Eight Ball: Part 3 of 5

Ever since moving west the girl was used to going places, meeting people, and getting stared at. It had become as much apart of her daily living as brushing her teeth. She was a big city girl living in a small western town where high heels were overkill, makeup unnecessary and dresses a rarity. Sometimes she felt like a wine spritzer, a watered down version of herself. Sometimes she had to dilute her personality, her style and mannerisms as to not offend. And still she got stared at. But tonight she doesn’t care. Refusing to pay mind to the aged eyelids turned her way the girl walks confidently up to the bar. “Can I get a shot of jager and a beer please?” She asked the bartender.

As the jager was poured the girl felt a hand on her shoulder. She turned to find a blond haired girl with a vaguely familiar face. Politely the girl smiled back as her brain searched for a name. It was at times like these she was most reminded of her surroundings. In a town of this size there was a good chance to meet a person at the marketplace during the day and run into that same person at the bar at night. It was a cesspool of sorts. It was like a small play with a limited number of actors but a variety of roles to fill. Undoubtedly the same people recycle throughout the script only in different settings, changed costumes and altered accents. The girl was still adjusting, in the city she could get lost in the mix and have conversations that rarely were revisited. In the city strangers remained strangers but in this town there was no such anonymity.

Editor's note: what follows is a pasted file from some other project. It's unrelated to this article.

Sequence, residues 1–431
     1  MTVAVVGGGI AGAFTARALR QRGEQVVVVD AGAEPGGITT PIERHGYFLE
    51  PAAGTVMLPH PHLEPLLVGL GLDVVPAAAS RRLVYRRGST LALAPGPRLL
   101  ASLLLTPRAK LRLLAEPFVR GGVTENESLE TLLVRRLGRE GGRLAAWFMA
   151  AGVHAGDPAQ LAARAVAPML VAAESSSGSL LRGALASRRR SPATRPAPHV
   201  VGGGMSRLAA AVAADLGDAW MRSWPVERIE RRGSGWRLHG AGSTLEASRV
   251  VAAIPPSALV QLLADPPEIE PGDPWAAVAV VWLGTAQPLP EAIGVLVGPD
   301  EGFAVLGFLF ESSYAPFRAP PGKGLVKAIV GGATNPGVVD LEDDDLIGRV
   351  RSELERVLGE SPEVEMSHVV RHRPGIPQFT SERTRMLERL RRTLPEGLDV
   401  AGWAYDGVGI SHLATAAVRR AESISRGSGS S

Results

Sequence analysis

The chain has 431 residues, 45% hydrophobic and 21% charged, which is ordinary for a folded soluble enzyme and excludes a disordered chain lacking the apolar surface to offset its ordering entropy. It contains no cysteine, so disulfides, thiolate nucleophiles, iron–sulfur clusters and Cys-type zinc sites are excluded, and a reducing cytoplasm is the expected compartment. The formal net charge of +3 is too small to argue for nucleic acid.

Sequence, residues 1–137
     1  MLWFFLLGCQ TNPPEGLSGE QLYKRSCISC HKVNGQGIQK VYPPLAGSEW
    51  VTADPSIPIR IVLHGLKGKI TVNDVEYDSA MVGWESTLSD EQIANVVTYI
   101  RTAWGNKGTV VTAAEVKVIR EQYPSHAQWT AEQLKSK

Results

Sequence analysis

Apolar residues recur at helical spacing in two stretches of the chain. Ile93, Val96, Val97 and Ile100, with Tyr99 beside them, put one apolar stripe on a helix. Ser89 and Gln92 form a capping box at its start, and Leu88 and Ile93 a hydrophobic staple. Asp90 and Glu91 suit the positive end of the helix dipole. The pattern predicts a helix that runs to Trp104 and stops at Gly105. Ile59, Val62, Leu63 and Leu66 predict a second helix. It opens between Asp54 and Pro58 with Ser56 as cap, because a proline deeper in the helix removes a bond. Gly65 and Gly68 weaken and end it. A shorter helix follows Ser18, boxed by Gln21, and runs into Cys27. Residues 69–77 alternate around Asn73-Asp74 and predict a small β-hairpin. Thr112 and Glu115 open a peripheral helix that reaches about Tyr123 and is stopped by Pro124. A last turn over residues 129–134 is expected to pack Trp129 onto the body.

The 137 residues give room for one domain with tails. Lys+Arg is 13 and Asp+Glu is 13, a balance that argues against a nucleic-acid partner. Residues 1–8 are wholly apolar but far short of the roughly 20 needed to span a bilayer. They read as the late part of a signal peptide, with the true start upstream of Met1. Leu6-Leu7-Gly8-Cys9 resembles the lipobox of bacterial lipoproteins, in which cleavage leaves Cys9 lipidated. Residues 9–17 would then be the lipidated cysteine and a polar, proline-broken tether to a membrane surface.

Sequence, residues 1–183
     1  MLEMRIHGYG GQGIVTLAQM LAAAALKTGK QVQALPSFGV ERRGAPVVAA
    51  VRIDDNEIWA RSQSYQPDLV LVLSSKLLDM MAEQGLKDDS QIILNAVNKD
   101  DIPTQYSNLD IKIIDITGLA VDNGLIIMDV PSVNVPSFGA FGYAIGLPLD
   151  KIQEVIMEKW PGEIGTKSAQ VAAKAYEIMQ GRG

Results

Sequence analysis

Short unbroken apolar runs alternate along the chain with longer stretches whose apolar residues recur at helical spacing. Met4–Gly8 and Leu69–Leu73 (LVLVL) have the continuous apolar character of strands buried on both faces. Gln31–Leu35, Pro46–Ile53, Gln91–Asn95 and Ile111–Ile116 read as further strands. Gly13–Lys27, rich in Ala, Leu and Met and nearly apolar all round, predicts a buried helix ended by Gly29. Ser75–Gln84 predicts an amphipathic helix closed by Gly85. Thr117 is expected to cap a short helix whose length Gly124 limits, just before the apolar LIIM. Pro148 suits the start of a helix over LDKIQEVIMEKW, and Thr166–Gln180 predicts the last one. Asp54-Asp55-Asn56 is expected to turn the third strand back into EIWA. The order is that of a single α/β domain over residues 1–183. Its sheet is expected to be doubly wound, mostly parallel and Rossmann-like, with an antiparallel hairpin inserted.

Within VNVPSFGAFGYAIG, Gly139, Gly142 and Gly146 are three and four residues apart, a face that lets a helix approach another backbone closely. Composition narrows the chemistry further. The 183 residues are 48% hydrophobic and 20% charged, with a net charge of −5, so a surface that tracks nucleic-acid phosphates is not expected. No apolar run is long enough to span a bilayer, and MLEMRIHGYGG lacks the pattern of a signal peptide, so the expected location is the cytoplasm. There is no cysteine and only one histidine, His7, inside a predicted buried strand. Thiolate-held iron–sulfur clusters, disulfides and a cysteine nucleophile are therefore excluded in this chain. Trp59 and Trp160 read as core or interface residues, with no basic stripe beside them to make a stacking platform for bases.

“Congratulations on your new job, you must be so excited!” said the Blondie. This was the first person to officially congratulate the girl whose smile couldn’t conceal her own excitement. It was the type of inhibited smile she tried not to use because it made her cheeks look like two round enormities.

“Thanks. I’m pretty stoked.” She replied.

The Blondie slowly smiled back, a devilish smirk that veiled the white enamels of her front teeth but turned the corners of her mouth up in amusement. “May I make a suggestion? If you’d like to hold on to it, perhaps it would be wise not to be walking around the bar as a billboard for ski school drunkenness.” She said flicking the tassel of the white ski school instructor cap the girl was wearing on her head.

The girl felt a slow burn creep up her neck and into her cheeks. Quickly she processed the weight of the statement as her eyes remained steady. The girl removed the wool cap as the Blondie chuckled to herself. The girl outstretched her beer glass and clinked it with the familiar stranger’s, “Thanks for your insightful suggestion.” It wasn’t until the girl got safely in the bathroom that she allowed herself to get mad. “What a bitch.” She said with slanted eyes as she looked at herself in the mirror. In times of trouble or confusion the girl always went to a mirror to talk to own reflection. She found a certain solace and strength looking in her own eyes. Her lips quivered and eyes filled with water. How could I be so stupid? Why would I wear my ski school instructor hat out to the bar? She wondered to herself. But she didn’t have to ponder long. Many times before her pride had lead to such foolishness.

 

Stranger Danger,

A Warrior Princess

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